Follow-up: What does China see from the mirror?
A: An ancient Chinese philosopher said, "Past experience, if not forgotten, is a guide for the future". People in China, other parts of Asia, and even Japan all suffered tremendously from that war, which brought nothing but endless pains and tragedies. Today in Asia, we have, in front of us, development opportunities never met before. We are also required by the current international environment to have a new security concept featuring "mutual trust, mutual benefits, equality and collaboration". All countries should bear in mind lessons from that period of history and truly commit ourselves to the road of development through peace. This is what I see most clearly from the mirror.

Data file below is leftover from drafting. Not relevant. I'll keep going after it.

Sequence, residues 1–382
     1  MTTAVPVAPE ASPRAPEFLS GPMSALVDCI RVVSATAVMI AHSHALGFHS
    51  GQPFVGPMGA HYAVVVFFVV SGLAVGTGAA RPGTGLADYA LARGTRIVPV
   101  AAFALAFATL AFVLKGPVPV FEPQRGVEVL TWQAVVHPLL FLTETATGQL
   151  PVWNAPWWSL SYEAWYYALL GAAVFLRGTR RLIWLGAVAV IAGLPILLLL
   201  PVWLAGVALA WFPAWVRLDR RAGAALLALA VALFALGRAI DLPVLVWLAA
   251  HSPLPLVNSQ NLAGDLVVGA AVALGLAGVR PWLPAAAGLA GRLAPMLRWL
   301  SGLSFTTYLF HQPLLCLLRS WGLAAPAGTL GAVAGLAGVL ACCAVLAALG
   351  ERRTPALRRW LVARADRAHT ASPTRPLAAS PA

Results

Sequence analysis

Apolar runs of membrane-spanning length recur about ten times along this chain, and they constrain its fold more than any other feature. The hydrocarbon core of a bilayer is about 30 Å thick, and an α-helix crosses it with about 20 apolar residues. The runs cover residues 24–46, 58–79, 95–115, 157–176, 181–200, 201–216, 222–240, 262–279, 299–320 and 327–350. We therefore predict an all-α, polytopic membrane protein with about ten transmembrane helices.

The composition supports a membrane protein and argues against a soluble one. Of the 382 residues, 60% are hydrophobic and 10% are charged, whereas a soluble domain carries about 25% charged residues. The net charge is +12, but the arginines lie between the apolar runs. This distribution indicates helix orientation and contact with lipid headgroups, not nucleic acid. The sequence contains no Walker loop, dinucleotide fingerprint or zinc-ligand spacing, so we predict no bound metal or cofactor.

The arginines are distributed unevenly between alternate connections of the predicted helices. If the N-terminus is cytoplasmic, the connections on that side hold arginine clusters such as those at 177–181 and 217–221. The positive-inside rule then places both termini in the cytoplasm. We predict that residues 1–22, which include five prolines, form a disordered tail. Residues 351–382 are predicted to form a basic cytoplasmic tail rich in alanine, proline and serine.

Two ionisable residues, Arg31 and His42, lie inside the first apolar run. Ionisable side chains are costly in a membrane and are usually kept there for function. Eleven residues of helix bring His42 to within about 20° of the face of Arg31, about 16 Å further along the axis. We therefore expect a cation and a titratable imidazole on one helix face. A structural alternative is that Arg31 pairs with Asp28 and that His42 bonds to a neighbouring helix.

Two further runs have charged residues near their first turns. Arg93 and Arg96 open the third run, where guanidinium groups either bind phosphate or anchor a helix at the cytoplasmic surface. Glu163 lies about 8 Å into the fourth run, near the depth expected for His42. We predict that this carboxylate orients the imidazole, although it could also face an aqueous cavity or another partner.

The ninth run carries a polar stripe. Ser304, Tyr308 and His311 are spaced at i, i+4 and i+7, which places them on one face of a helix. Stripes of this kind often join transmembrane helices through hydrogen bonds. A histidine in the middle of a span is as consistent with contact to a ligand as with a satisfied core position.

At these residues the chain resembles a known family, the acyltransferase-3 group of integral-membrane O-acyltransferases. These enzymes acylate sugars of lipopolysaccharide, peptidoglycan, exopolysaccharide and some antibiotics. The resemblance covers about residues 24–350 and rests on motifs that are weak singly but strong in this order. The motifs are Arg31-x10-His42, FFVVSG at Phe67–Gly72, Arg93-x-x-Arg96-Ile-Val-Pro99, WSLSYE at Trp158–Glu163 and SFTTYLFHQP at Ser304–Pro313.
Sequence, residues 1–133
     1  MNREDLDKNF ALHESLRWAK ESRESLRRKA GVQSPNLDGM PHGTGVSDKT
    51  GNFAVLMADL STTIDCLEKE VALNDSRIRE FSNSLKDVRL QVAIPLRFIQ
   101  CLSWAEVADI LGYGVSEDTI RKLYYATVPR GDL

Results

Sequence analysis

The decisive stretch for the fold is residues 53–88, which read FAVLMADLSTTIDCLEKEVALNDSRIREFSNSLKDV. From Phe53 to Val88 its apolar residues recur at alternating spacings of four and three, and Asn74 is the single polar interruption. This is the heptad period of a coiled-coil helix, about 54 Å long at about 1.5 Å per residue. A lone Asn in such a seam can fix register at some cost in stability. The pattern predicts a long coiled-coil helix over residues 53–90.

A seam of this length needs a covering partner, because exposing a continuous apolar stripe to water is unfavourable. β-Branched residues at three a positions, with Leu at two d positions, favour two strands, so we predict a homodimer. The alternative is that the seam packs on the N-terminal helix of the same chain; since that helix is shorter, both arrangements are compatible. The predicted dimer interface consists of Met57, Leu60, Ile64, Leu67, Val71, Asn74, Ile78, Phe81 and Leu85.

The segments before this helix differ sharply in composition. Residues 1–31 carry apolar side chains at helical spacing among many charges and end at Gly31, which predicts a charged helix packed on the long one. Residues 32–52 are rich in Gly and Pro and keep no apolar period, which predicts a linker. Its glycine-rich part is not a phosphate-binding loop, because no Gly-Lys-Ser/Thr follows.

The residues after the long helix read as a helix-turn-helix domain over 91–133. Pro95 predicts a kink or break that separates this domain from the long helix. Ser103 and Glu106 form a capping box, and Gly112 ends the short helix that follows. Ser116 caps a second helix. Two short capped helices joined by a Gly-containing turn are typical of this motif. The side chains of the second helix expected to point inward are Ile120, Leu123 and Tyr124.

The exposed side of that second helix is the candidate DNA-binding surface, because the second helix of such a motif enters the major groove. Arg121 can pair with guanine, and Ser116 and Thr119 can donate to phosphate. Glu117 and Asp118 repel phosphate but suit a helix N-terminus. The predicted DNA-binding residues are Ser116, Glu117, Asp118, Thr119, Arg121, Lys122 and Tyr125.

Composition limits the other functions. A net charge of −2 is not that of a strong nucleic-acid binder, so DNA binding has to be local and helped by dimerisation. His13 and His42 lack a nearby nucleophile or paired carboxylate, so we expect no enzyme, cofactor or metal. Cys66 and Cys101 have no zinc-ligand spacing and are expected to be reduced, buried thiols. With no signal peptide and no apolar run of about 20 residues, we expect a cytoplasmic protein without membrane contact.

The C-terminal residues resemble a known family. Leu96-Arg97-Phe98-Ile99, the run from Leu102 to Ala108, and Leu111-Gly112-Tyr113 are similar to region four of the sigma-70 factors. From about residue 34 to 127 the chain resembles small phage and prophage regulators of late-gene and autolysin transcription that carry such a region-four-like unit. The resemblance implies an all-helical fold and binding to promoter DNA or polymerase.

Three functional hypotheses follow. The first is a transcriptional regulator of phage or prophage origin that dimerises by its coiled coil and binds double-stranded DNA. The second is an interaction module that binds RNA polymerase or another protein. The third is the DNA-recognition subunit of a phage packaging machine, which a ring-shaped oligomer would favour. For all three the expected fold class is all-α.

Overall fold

Q: For nearly three years in a roll, there has been no exchange of visits between China and Japan at the top government level. What are the contexts required or how soon in the future will such exchange of visits be resumed?
A: There are some difficulties in the political ties between China and Japan, due to reasons evident to all. We expect Japan to show sincerity, seek proper solutions to the existing issues and create good atmosphere and conditions for high-level visits.
Q: Following the US, the UK also expressed its concern over the issue of the NPC law interpretation. Will China make certain explanations to the US and the UK through diplomatic channels?
A: I have given you our position very explicitly just now and hope to have a correct and rational understanding from the international community. As for whether China will make explanations through other channels, my answer is that China has channels of communication available with all countries and is always ready to exchange views with them on issues of mutual interest.